Mapping prairie remnants on the Hempstead Plains, Long Island, New York

Carole Neidich-Ryder, Patrick Joseph Kennelly

Research output: Contribution to journalArticle

Abstract

The Hempstead Plains, located in Nassau County, New York, contains remnants of the only naturally occurring prairie east of the Appalachian Mountains. It originally encompassed approximately 12,500 ha. Although the area receives higher amounts of rainfall for a typical tall-grass prairie ecosystem, approximately 114 cm of precipitation per year, its well-drained, dark-colored soil sited above glacial outwash, available natural seed bank, and history of fires enabled development of a tall-grass prairie. This study identified prairie remnants within the historical extent of the Hempstead Plains delineated by the 1928 soil survey from the United States Department of Agriculture. Image analysis of infrared color 8-bit orthophotographs was used for an unsupervised classification on a 156-ha primary study area containing a known prairie remnant, centered on the Red Golf Course at Eisenhower Park in East Meadow. The resulting 16 classes were combined into six more general classes before undergoing an error assessment based on field and orthoimagery ground-truthing of 1,000 random points. As confirmed by site visits, analysis was generally able to distinguish prairie grass from non-native grasses using remote sensing, as native warm-season prairie grasses are dormant from late fall to early spring. Overall accuracy for the six classes was 89 %. Accuracy of the warm-season grass class was 81 % for producer's accuracy and 83 % for user's accuracy. This study identified additional sites containing warm-season grasses and potential prairie remnants in Nassau County.

Original languageEnglish (US)
Pages (from-to)3011-3022
Number of pages12
JournalEnvironmental Monitoring and Assessment
Volume186
Issue number5
DOIs
StatePublished - Jan 1 2014

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Soil surveys
Ecosystems
prairie
Agriculture
Image analysis
Rain
Seed
Remote sensing
Fires
Color
Infrared radiation
Soils
grass
golf course
unsupervised classification
outwash
plain
soil survey
seed bank
image analysis

All Science Journal Classification (ASJC) codes

  • Environmental Science(all)
  • Pollution
  • Management, Monitoring, Policy and Law

Cite this

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title = "Mapping prairie remnants on the Hempstead Plains, Long Island, New York",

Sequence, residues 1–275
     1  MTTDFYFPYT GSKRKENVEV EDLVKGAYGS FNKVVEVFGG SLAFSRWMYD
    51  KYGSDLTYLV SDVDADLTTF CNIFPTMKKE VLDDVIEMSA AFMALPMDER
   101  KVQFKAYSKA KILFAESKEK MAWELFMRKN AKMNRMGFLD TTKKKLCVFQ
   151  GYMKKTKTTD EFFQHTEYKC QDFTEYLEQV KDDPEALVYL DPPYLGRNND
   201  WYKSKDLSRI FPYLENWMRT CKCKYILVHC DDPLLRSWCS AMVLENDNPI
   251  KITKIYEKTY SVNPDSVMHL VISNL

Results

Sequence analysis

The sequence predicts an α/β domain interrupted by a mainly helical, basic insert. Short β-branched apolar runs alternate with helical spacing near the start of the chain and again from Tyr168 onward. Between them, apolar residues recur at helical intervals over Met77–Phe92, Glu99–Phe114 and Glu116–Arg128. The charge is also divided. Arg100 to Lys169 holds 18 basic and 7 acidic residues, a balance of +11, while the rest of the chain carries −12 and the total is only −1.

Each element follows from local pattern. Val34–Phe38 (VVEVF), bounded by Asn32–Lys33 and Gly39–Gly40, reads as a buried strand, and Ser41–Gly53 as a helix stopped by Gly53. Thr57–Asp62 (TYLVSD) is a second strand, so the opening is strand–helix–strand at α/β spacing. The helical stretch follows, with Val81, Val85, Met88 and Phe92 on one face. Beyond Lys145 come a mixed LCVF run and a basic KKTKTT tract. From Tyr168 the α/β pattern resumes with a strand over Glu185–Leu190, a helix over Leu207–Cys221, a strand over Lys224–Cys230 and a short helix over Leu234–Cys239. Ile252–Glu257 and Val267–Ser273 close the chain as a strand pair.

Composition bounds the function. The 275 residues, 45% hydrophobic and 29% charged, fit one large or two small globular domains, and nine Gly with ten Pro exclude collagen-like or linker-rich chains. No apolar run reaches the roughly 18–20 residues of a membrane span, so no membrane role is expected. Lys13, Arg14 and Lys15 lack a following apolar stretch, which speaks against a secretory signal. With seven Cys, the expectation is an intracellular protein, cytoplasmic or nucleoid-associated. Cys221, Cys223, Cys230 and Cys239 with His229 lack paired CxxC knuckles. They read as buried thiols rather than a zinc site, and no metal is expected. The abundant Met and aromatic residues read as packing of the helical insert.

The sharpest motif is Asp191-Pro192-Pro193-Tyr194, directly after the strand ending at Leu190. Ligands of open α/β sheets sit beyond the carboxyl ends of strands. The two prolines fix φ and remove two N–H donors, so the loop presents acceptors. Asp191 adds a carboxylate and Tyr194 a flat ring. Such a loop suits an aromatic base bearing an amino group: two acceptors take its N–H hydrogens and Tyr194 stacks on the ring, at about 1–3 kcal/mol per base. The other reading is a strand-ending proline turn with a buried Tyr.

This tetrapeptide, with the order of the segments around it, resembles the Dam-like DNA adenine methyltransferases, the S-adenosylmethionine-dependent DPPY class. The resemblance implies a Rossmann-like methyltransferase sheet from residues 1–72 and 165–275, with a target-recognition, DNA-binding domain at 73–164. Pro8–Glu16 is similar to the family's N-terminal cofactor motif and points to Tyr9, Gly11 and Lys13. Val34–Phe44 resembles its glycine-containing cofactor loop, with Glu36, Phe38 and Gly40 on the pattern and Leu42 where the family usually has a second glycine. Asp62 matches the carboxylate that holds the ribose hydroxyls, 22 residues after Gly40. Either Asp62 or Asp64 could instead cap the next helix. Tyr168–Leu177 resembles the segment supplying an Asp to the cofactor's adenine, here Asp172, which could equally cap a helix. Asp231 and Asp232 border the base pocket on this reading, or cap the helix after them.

abstract = "The Hempstead Plains, located in Nassau County, New York, contains remnants of the only naturally occurring prairie east of the Appalachian Mountains. It originally encompassed approximately 12,500 ha. Although the area receives higher amounts of rainfall for a typical tall-grass prairie ecosystem, approximately 114 cm of precipitation per year, its well-drained, dark-colored soil sited above glacial outwash, available natural seed bank, and history of fires enabled development of a tall-grass prairie. This study identified prairie remnants within the historical extent of the Hempstead Plains delineated by the 1928 soil survey from the United States Department of Agriculture. Image analysis of infrared color 8-bit orthophotographs was used for an unsupervised classification on a 156-ha primary study area containing a known prairie remnant, centered on the Red Golf Course at Eisenhower Park in East Meadow. The resulting 16 classes were combined into six more general classes before undergoing an error assessment based on field and orthoimagery ground-truthing of 1,000 random points. As confirmed by site visits, analysis was generally able to distinguish prairie grass from non-native grasses using remote sensing, as native warm-season prairie grasses are dormant from late fall to early spring. Overall accuracy for the six classes was 89 {\%}. Accuracy of the warm-season grass class was 81 {\%} for producer's accuracy and 83 {\%} for user's accuracy. This study identified additional sites containing warm-season grasses and potential prairie remnants in Nassau County.",
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Mapping prairie remnants on the Hempstead Plains, Long Island, New York. / Neidich-Ryder, Carole; Kennelly, Patrick Joseph.

In: Environmental Monitoring and Assessment, Vol. 186, No. 5, 01.01.2014, p. 3011-3022.

Research output: Contribution to journalArticle

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